drug levonorgestrel, say they work mostly by blocking the release of
        eggs before fertilization, the labels also say the drugs may inhibit
        fertilized eggs from implanting in the uterus.” -The NY Times.

        They even quote the labels in several articles. I’m correct- you’re the one spouting false information. Grow up and learn to do your homework before you take on someone who always does his…..

      • Laura Hurt

        which still, scientifically, is not an abortion. An abortion is ending a pregnancy, and a pregnancy starts after the egg implants in the uterus, scientifically spoken. These medicines prevent the nesting of an egg, therefore preventing a pregnancy from starting, therefore it can’t be an abortion. So, you are still the one spouting false information.

  • William Fite

    Essentially that’s what the entire Hobby Lobby case was about. A law that stated health care had to cover specific methods of contraceptives and a right-wing Christian stating that their beliefs on contraceptives should matter more than the thousands of employees who work for them. One person’s beliefs ruling over thousands.

    I would agree with this comment if it wasn’t for one pesky item that you left out. NO ONE IS FORCED TO WORK FOR HOBBY LOBBY.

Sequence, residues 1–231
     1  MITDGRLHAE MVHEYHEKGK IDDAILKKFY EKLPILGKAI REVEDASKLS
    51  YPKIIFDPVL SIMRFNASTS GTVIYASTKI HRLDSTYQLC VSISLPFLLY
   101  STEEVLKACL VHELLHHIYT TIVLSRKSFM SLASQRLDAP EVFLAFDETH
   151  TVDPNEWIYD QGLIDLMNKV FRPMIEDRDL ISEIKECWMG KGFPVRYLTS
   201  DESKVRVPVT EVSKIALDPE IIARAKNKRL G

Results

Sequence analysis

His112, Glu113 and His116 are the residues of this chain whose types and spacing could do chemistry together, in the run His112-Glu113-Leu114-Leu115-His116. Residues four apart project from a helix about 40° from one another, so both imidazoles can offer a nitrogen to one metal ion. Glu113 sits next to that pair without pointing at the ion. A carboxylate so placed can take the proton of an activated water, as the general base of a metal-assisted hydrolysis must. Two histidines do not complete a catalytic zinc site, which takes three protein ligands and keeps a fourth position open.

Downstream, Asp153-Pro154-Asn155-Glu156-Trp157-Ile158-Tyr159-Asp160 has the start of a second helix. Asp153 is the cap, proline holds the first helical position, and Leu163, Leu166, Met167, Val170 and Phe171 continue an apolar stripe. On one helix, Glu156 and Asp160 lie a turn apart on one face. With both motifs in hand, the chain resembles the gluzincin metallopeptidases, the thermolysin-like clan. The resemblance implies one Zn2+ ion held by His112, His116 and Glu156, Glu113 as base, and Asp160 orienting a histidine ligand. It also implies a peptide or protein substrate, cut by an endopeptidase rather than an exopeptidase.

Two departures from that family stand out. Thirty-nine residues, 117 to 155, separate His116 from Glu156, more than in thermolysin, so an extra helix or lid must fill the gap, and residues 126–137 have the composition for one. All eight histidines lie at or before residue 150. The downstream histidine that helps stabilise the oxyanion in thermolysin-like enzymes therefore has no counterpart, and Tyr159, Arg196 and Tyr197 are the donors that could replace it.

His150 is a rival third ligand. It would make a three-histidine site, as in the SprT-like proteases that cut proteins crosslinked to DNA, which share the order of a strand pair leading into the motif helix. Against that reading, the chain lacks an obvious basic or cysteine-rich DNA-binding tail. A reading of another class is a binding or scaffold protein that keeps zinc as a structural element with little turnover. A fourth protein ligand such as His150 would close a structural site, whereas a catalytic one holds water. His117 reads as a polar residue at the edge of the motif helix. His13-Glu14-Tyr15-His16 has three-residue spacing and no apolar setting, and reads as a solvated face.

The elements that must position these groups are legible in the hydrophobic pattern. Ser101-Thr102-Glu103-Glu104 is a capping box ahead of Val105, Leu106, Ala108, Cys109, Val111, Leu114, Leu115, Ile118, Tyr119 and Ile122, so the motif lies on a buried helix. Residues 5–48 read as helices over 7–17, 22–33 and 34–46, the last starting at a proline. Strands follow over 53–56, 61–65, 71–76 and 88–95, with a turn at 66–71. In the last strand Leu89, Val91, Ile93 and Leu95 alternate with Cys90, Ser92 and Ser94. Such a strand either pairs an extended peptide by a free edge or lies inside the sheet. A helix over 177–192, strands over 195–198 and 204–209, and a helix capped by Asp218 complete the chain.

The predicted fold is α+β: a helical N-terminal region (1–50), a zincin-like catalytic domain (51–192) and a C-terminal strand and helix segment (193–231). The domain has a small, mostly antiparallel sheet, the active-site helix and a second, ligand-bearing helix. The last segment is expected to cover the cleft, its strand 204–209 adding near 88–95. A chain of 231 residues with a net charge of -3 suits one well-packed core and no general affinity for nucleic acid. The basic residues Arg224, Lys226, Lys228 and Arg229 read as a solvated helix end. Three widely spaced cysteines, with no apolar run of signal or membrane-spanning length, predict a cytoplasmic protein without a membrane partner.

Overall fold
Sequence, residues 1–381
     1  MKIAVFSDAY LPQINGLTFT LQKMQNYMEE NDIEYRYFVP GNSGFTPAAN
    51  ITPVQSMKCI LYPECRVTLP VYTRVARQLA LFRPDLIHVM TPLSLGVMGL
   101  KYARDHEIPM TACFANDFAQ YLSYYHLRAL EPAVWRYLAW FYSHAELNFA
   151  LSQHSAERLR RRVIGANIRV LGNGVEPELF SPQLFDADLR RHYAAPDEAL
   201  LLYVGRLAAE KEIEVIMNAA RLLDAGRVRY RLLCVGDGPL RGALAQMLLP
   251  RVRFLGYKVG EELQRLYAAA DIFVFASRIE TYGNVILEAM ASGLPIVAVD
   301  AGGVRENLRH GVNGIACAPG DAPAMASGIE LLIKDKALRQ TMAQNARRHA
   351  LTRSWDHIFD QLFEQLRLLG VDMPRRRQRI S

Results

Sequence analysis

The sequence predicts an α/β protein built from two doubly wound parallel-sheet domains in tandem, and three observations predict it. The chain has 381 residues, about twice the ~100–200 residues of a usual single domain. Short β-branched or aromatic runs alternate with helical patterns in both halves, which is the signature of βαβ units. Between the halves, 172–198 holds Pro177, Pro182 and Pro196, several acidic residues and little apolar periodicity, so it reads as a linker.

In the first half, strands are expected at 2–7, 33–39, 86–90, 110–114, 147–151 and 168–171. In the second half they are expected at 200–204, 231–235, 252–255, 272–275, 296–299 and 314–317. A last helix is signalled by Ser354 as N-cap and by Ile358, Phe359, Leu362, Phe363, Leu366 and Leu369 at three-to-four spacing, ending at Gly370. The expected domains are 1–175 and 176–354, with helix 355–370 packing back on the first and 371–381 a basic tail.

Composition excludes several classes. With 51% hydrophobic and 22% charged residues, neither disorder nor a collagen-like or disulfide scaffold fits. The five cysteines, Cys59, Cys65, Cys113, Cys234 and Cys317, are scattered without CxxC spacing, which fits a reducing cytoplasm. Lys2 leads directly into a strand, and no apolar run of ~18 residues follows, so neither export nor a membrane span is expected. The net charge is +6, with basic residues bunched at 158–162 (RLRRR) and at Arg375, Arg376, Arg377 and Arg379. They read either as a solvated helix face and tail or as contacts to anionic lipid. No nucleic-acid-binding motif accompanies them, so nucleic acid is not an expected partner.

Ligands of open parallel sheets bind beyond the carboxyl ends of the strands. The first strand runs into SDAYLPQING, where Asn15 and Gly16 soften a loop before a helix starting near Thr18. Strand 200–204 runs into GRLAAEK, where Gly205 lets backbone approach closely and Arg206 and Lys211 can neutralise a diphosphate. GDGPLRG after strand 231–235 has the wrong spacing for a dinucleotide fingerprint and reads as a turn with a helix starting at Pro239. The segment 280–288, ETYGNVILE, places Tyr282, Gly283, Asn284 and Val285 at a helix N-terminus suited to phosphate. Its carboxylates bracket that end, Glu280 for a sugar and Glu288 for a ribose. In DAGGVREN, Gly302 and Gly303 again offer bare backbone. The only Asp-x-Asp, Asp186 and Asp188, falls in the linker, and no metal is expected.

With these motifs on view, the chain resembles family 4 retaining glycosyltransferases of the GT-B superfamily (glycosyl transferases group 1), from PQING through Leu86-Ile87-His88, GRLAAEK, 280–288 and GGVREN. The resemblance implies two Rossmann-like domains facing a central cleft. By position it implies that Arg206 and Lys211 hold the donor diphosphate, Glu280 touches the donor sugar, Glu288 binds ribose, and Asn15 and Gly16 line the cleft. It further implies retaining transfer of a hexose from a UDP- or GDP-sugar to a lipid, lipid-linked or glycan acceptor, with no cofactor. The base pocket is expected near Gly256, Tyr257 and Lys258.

• StarrGazerr615

    In my mind, “religious freedom” means an individual can follow the religious dictates that he chooses to follow, and no one else can punish him or deny him equal rights based on that personal choice. By contrast, the repeated message of the far Right has consistently been “I don’t believe in something, so YOU cannot practice it.” Don’t believe in same sex marriage? Then don’t marry someone of the same gender. Don’t believe in abortion? Then don’t have one. Don’t believe in using birth control? Then don’t. Don’t believe in eating bacon? Don’t eat bacon. It really IS that simple.

    Personally, I think they have jumped the shark in creating the ridiculous notion that a corporation, an artificial entity that is the product of legislative construction, has religious beliefs and rights separate and apart from the individuals who own that corporation.

  • Katherine Appello

    Constitution Guarantees that one is free to follow one’s religious beliefs and it does not say only on Friday or Saturday or Sunday, only at home etc.., so that means holistically. Unless one is committing a felony killing, destroying property or such, then a business owner has every right, as does a pastor etc… to adhere to the concepts and precepts of their faith.

    Liberals trying to force them to go contrary to that and eradicate faith from public and personal life is bullying. Hands off spiritual life of anyone unless they are committing a felony, or there is proof of an actual crime.

    Hobby Lobby was providing birth control, but in no way should anyone have to pay for anyone to murder a child in the womb. With all due respect, you want to kill a child in the womb pay for it yourself.